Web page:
L. Frank Baum Flies Over the Rainbow in S.F. Masterpiece
by Nicholas Leither
As a child, I watched it on broadcast television every single year. As a teenager, I watched it with Pink Floyd’s “The Wall” cued just so to the opening credits. As an adult, I use it as a metaphor monthly, because—you know—self-styled “wizards” hiding behind curtains.
So, when you’re going to a show based on a story that has made a 40-year impression, it’s easy to expect to be underwhelmed or, even worse, disappointed. Add in the fact that I brought my two kids, ages 5 and 7, to this play, intent on their experiencing that same narrative magic. The task seems monumental.
In the program, you get a yellow napkin that says, “I’m not a napkin. I’m a yellow brick. You’ll need me later.” Later, we find ourselves waving these napkins in the air with the rest of the audience, laughing at the Lion, booing at the Wicked Witch, wisecracking at the Wizard, and singing along as we all follow along the Yellow Brick Road.
The show manages to be so many things at once. A spectacle to behold, but also an interactive experience. Irreverent, but emotionally moving. Shocking and outrageous, but wholesome and touching, too, reminding the children that those dreams you dare to dream can come true.
Director Sam Pinkleton, if ever a Wiz there was, has created and curated a spectacularly fun, new version of “The Wizard of Oz.” It’s a show that I overheard one audience member call, “So San Francisco.” And, yes, it has the hallmarks, with its diverse casting, characters in drag, loud colors, big personalities, and Pride, Pride, Pride. But it’s also not done for the sake of it, or to solely make a political statement (though it does that too).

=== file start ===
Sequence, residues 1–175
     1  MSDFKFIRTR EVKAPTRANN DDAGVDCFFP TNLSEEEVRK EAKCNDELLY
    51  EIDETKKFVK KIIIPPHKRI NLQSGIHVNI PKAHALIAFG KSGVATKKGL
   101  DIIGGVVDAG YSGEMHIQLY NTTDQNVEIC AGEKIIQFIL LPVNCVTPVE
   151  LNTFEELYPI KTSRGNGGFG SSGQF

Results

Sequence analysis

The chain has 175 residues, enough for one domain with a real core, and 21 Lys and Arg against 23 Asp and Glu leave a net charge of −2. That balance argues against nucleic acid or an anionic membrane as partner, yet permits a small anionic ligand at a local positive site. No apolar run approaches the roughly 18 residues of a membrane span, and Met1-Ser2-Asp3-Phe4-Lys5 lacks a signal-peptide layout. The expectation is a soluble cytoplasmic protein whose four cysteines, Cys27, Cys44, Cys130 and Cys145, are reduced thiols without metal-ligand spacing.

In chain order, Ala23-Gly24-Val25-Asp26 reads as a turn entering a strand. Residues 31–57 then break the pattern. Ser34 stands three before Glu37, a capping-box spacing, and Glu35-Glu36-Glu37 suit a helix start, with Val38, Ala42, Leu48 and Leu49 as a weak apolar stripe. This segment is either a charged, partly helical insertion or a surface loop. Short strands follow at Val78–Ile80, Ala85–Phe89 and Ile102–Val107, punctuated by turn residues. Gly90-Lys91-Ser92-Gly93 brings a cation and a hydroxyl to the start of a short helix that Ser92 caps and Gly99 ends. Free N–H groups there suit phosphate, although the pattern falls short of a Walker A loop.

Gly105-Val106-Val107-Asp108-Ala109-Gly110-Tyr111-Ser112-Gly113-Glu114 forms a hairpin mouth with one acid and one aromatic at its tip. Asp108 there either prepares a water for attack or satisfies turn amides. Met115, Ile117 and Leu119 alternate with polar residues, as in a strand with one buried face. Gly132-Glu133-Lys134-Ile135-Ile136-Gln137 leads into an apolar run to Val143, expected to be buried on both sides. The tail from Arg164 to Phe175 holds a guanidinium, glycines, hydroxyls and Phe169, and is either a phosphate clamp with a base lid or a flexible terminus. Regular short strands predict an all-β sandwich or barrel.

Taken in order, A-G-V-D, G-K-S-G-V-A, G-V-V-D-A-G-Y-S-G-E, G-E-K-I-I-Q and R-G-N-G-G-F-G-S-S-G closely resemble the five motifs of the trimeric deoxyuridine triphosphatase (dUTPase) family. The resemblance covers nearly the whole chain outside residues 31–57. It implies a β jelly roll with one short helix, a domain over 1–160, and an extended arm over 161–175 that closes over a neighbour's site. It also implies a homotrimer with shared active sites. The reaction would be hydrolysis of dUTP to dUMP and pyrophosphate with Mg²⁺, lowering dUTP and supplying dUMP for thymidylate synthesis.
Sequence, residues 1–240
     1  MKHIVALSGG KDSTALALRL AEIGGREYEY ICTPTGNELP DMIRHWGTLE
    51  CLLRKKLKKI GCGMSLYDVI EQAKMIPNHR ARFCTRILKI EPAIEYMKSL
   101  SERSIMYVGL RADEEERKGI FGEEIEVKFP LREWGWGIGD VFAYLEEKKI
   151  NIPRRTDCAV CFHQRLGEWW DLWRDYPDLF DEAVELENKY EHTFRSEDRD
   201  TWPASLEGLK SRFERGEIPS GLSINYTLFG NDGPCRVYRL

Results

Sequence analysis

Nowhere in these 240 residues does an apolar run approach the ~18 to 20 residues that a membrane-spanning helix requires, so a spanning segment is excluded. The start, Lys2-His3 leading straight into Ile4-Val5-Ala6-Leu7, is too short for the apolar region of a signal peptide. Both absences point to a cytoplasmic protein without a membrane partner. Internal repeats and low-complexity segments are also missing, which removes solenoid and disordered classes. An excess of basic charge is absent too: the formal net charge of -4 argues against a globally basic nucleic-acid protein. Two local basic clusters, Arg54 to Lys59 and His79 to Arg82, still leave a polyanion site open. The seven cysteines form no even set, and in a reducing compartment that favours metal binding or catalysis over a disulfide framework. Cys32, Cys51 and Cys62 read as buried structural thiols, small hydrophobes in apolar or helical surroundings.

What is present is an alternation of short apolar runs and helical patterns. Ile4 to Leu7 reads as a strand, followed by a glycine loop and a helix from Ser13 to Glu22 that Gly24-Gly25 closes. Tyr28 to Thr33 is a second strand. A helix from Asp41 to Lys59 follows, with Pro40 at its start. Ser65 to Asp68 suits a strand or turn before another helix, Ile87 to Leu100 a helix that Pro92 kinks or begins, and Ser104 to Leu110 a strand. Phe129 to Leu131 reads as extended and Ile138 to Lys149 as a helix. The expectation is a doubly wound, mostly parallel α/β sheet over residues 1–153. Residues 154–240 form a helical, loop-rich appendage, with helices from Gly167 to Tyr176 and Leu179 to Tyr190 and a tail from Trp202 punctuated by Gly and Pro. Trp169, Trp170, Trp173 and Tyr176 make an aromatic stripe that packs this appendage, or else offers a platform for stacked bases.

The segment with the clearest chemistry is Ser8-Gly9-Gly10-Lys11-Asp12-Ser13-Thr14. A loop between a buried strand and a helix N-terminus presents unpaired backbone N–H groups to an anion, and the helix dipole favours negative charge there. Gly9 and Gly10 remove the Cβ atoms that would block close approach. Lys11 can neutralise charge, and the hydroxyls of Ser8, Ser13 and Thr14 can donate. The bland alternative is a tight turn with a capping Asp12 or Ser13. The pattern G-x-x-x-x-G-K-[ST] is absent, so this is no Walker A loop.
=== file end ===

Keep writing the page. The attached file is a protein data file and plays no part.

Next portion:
Pinkleton and the cast have embraced the core inclusive message of “The Wizard of Oz,” where trouble melts like lemon drops and you are accepted, embraced, and supported whether you are flesh, tin, straw, fur, small, large, power hungry, bedazzled—all except wicked.
However, staying true to the core message does not come at the cost of giving up fresh new imagination. ACT’s “Wizard” is punctuated by the music, ringing with nostalgia in those old classics, but pounding with new energy.
And, yes, the singing is great, the acting electric across the cast—a professional and delightful show all around. But it isn’t that, exactly, that makes this show sensational. It’s something else. It’s that new, contemporary shine that Pinkleton has polished up from this old tale, making it, once again, poignantly relevant in the Now.
So, it both saddened me and delighted me when my daughter, Itasca, told me after the show, “It was much better than the movie!”
“The Wizard of Oz”—book by L. Frank Baum, adapted by John Kane for the Royal Shakespeare Company, music by Harold Arlen & E.Y. Harburg, directed and choreographed by Sam Pinkleton, by American Conservatory Theater, San Francisco. Info: ACT-SF.org – to June 25, 2023.
Cast: El Beh (Uncle Henry), Darryl V. Jones (Tin Man), Katrina Lauren Mcgraw (Glinda/Aunt Em), Ezra Reaves (Ensemble, Violin), Cathleen Riddley (Lion/Zeke), Travis Santell Rowland (Barrister, Nikko), Danny Scheie (Scarecrow/Hunk), Chanel Tilghman (Dorothy Gale), Courtney Walsh (Wicked Witch of the West/Miss Gulch), Ada Westfall (Professor Marvel), and Beth Wilmurt (Mayor of Munchkinland, Winkie).
Banner photo: Katrina Lauren McGraw (Glinda). Photos: Kevin Berne